12 Years a Slave centers on the twelve years of agony that author and protagonist Solomon Northup spent as a slave in Louisiana, completely cut off from his family. Although Solomon’s family appears very little throughout the narrative, family plays a key role in Solomon’s experiences. The narrative points out that the concept of family is broader than being related by blood or marriage. Instead, family encompasses those who show one another love, compassion, and loyalty, regardless of whether or not they are related. 12 Years a Slave also shows how even the mere thought of family can be a source of comfort and hope in times of bitter pain and distress. Likewise, family can provide a sense of purpose and a reason to live.
In the book, family is more than marriage and blood relatives—it’s the people who show each other unconditional love and loyalty. For example, the kindly carpenter named Bass has no family but forges a deep family-like connection with Solomon as the two spend many nights talking secretly. It’s Bass’s compassion and loyalty that lead to Solomon’s freedom. Likewise, Henry B. Northup, the lawyer who is also instrumental in securing Solomon’s freedom, proves himself a faithful friend by working on Solomon’s case for many months and traveling all the way from New York to Louisiana to rescue Solomon. Though Henry and Solomon share the same last name, they aren’t blood relatives—Henry is the grandnephew of the man who freed Solomon’s father—but the loyalty and unconditional love Henry shows Solomon makes them practically family. In addition, William Ford, Solomon’s first master, is so gentle, kindhearted, and empathetic, that his slaves speak of him like a father figure. For as long as he has the power to do so, Ford consistently shields Solomon from harm and treats him almost like a son.
The narrative illustrates how family, blood-related or otherwise, is a source of hope and comfort in times of sorrow. In the midst of his suffering as a slave, Solomon comforts himself by thinking of his kind, loving father who also endured life as a slave but was freed upon his master’s death: “How often since that time has the recollection of his paternal counsels occurred to me, while lying in a slave hut in the distant and sickly regions of Louisiana.” Similarly, Solomon reveals to Bass that he is sustained by the thought of one day being reunited with his family: “Dwelling upon the unspeakable happiness it would be to clasp them to my heart once more before I died.”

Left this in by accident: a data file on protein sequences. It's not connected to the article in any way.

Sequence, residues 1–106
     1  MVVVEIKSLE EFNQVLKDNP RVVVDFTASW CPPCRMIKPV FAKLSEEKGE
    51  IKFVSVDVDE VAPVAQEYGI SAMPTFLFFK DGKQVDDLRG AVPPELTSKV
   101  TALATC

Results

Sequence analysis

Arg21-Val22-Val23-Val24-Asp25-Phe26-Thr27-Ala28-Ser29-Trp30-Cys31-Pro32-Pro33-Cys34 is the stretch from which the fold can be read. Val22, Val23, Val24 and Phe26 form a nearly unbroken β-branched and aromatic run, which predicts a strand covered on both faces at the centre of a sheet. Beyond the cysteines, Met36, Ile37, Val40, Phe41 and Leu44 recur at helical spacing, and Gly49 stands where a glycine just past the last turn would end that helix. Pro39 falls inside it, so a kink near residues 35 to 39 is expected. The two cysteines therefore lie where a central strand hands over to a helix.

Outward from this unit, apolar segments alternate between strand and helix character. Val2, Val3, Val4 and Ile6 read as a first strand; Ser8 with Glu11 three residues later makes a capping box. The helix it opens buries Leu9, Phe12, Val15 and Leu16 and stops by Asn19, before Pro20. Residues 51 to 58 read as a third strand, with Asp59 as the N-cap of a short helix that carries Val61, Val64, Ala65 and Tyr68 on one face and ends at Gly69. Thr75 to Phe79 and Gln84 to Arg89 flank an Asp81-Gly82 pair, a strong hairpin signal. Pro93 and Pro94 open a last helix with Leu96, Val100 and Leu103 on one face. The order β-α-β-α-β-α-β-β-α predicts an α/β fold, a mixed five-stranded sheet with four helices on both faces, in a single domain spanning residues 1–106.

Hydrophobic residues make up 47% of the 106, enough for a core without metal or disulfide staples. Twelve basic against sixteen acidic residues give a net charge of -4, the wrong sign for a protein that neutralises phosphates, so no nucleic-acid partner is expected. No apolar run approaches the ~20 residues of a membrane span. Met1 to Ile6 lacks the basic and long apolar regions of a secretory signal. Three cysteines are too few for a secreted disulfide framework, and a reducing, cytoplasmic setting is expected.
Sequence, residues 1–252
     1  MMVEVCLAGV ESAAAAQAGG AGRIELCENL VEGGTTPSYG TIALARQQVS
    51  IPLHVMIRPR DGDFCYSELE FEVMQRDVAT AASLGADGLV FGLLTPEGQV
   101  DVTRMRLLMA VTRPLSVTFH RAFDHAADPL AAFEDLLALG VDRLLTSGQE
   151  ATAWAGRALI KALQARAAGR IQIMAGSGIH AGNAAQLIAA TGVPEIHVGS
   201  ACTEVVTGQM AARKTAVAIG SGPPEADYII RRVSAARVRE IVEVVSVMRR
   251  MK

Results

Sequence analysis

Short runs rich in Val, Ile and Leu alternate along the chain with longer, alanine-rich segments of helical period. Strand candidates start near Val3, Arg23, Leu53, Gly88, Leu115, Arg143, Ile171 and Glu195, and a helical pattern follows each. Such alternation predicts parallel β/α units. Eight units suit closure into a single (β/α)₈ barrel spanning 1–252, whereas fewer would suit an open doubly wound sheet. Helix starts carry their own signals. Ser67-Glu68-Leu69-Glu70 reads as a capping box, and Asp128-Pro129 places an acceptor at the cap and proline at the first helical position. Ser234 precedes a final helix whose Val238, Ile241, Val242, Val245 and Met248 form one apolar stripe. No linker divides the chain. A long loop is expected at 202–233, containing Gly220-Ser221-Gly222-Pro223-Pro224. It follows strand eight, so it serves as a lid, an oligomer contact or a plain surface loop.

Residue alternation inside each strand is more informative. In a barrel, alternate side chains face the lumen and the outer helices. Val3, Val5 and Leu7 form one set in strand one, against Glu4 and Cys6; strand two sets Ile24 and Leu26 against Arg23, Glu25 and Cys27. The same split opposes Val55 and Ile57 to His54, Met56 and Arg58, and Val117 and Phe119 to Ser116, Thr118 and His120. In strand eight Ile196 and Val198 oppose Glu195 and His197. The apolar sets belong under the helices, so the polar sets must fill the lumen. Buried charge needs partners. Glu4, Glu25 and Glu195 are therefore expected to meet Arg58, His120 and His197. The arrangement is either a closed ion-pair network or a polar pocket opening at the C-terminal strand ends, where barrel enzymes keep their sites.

Family also provides a sense of purpose in one’s life. Lamenting over his miserable life as a slave, Solomon questions, “Why had I not died in my young years—before God had given me children to love and live for?” Solomon’s statement shows how his children added a whole new layer of purpose to his life—but also a new layer of pain, when that purpose is taken away. Likewise, Eliza, one of the slaves Solomon meets in Burch’s slave pen, is permanently separated from her children with no hope of a reunion, and she consequently withers into a shell of a person and later passes away out of grief. In contrast, Bass, having established a close, familial relationship with Solomon, makes Solomon’s release from slavery his life purpose: “without kith or kin to mourn for him, or to remember him…his life was of little value to himself, and henceforth should be devoted to the accomplishment of my liberty, and to an unceasing warfare against the accursed shame of Slavery.”